“Government ministries continue to invest directly in illegal construction. They must refrain from this and make sure that money is not transferred if the construction is not done lawfully,” Shapira warned.

The report also called out the regional council for funneling NIS 2 million ($550,000) into the renovation of roads in the Harel and Esh Kodesh outposts, the latter of which is not even in the the municipality’s jurisdiction.

Responding to the report, the regional council said the comptroller “ignored the legal and political complexities of Judea and Samaria, which include the absence of clear law regarding the conduct of authorities.”

The municipal body said that any mistakes were done in “good faith,” have since been corrected and do not reflect the current reality.

Regarding its conduct financing construction in illegal outposts, the regional council insisted that it has a responsibility to provide basic needs for its residents, no matter where they choose to live. It also pointed out that the government over the past year has been working to legalize such hilltop communities.

Moreover, the regional council asserted that it only funds the establishment of modular homes in such outposts, which can be removed if necessary.

A settler’s house in the outpost of Esh Kodesh in the West Bank, on July 20, 2015. (Garrett Mills/Flash 90)

In its own response to the report, the Peace Now settlement watchdog called on government ministries “to exercise their authority and stop the illegal construction in the settlements.”

“It is time for those responsible for these methods to stand trial and be required to pay their debts to the public,” the left-wing NGO added.

KKL-JNF declined The Times of Israel’s request for comment.

In November 2017, Shapira published another report critical of the Binyamin Regional Council’s conduct.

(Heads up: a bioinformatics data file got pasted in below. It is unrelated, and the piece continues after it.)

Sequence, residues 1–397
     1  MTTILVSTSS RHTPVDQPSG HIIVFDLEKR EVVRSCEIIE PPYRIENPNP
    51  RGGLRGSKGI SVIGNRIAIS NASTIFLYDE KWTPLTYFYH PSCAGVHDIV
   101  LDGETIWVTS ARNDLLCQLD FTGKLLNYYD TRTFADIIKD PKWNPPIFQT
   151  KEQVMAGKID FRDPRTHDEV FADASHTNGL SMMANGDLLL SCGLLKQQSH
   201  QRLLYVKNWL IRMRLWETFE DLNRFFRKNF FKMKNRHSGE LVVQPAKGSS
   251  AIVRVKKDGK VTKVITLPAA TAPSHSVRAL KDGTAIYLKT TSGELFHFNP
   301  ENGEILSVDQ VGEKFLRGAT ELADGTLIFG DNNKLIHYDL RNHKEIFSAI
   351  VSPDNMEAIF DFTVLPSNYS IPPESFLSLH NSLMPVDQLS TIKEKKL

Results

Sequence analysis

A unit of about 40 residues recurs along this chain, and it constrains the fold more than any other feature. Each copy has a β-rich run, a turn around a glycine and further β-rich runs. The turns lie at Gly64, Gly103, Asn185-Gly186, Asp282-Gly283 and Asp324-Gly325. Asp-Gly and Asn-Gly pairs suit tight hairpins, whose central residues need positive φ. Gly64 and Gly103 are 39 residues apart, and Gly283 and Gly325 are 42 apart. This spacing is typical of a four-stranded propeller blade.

He then charged that it had been rigging tenders, awarding public funds to a pair of right-wing NGOs.

Shapira accused the Binyamin Regional Council, led by former Yesha settlement umbrella council chairman Avi Roeh, of funneling hundreds of thousands of shekels to two organizations with close ties to Jewish Home MK Bezalel Smotrich. The report was published just two days after the lawmaker introduced legislation bent on limiting the authority of the state comptroller.

In his report, Shapira said the Binyamin Regional Council had “tailored the conditions” by which NGOs could receive financial support from Roeh’s body “so that only specific NGOs could benefit.”

Jewish Home MK Bezalel Smotrich at his party’s weekly faction meeting at the Knesset, December 25, 2017. (Miriam Alster/Flash90)

The report did not name the two NGOs, but based on conversations with various settler officials, The Times of Israel was able to establish their identities. The first is Regavim, an organization that monitors Palestinian and Bedouin construction in Israel and the West Bank. The second is a small group known as Horizon for Settlement, which works to purchase West Bank land for the construction of settlements.

The West Bank council receives roughly two-thirds of its budget from the government, according to the report. Like all local councils, the Binyamin Regional Council is allowed to use a segment of its budget to finance the activities of NGOs. However, such backing is contingent on proper tenders and the funds being “distributed in an equal manner,” according to the report.

Asked why the comptroller chose to once again focus on the Binyamin Regional Council in Monday’s report, an official in Shapira’s office said that the comptroller had not been convinced that substantial changes were made to the municipal body’s conduct.